CL-49 hard case, optional.

Pouch 62, optional.



HB-18 plastic bayonet, optional.



2.9" (73mm) around by 3.2" (82mm) long, specified.



17 oz. (480g) and 16 oz. (455g), specified.

Hood: HB-18 bayonet, optional.

15.855 oz. (449.5g), serie 3222 from about 2002, measured.

The one I bought and returned in 1999 measured 16 oz. (455g).



TC-200, TC-201 and TC-14A on manual-focus cameras.

Don't bother with AF or digital cameras; you'll loose autofocus.



$285 new in 1999 (that's $375 corrected for inflation in 2010).

$150 used in 2010.


Performance       top

Intro   Specifications   Performance   Recommendations



The AF action is relatively slow because there is a lot of reduction in the mechanical gear drive. One full turn of the AF screw focuses the lens from infinity to 8 feet.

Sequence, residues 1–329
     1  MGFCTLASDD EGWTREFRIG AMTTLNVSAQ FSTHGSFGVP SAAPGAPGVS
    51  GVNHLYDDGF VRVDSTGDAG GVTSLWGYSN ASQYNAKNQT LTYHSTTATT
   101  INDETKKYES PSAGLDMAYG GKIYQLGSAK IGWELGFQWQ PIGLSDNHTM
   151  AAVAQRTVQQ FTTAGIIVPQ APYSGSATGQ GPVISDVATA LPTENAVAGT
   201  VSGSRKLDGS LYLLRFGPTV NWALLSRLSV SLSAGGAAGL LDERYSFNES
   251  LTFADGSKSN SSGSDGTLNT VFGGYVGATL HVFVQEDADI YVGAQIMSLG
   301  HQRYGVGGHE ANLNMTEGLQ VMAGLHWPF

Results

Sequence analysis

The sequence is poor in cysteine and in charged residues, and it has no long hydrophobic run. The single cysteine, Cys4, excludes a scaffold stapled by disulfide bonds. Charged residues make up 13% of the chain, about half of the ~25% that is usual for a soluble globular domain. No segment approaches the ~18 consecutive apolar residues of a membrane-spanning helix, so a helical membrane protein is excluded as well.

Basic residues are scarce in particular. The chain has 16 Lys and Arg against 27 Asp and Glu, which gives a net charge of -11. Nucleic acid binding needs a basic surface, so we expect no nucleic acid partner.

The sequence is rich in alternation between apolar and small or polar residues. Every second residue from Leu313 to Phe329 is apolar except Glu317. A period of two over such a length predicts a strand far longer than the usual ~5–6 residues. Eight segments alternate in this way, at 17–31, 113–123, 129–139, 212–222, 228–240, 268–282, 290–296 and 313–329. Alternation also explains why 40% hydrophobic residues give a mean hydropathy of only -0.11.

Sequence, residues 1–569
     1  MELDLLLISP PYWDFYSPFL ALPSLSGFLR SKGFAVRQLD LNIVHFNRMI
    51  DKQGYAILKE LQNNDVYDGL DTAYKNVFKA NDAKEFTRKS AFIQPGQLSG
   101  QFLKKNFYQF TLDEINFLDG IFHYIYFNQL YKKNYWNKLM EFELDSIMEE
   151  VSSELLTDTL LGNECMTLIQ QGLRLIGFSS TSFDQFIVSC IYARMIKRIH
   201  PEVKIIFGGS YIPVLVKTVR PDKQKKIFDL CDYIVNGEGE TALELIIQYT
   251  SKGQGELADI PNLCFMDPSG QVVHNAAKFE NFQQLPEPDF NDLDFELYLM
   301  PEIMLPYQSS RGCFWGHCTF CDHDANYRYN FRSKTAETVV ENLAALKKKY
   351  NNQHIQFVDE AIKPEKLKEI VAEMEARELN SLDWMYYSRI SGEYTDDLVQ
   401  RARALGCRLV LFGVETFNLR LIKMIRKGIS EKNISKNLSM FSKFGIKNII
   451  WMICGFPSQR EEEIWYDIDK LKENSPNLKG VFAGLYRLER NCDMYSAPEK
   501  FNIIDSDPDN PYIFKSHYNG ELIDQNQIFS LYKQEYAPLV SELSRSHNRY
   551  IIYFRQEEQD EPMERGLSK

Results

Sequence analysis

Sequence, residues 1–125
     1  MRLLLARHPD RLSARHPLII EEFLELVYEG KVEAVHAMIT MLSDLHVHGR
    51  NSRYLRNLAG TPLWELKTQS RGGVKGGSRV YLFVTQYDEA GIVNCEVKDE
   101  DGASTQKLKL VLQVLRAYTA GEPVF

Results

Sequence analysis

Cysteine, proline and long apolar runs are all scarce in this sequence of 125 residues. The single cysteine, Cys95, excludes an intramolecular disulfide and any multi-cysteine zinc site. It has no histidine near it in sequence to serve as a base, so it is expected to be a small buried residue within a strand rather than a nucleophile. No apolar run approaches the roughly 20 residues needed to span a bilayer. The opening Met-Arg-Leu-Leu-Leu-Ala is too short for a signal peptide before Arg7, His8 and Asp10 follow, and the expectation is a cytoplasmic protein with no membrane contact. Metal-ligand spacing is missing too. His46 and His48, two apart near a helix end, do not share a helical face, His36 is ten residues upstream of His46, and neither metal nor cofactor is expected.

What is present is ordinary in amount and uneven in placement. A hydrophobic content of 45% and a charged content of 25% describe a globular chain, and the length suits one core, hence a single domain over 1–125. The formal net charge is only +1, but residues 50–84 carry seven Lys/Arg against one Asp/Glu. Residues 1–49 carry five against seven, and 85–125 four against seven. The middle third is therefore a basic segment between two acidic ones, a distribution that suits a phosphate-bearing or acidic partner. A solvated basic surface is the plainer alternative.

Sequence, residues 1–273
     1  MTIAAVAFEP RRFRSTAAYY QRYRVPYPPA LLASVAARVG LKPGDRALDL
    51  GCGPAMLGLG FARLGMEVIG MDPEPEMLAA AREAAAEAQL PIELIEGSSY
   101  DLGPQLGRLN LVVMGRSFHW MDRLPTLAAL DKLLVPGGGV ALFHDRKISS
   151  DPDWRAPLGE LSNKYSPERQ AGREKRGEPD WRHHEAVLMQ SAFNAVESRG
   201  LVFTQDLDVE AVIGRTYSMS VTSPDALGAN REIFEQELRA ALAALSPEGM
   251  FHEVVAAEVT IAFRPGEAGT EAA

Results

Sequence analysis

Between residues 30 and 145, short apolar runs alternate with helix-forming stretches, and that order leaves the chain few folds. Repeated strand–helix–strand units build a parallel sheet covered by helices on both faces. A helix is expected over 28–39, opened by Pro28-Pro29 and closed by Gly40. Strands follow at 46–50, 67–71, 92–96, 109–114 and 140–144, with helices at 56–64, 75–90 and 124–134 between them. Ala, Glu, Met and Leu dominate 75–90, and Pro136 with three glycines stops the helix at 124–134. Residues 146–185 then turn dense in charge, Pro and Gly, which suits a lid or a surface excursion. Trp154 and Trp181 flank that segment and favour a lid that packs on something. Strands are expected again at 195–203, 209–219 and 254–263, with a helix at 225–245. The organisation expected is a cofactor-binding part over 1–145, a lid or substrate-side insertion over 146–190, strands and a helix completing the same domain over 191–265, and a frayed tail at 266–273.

Manual focus is fast, but not precise, because only a small turn of the focus ring results in a large change in focus.



Distortion is much better than most zoom lenses. It is invisible at all but the 28mm setting at infinity.

This lens has among the lowest levels of distortion I've seen in a mid-focal-length-range zoom lens.

This can be corrected for critical use by plugging these figures into Photoshop's lens distortion filter. These aren't facts or specifications, they are the results of my research that requires hours of photography and calculations on the resulting data.

FX at 3m (10')

FX at ∞


© 2010 KenRockwell.com. All rights reserved.

* Some waviness remains



Falloff (darkened corners)      performance      top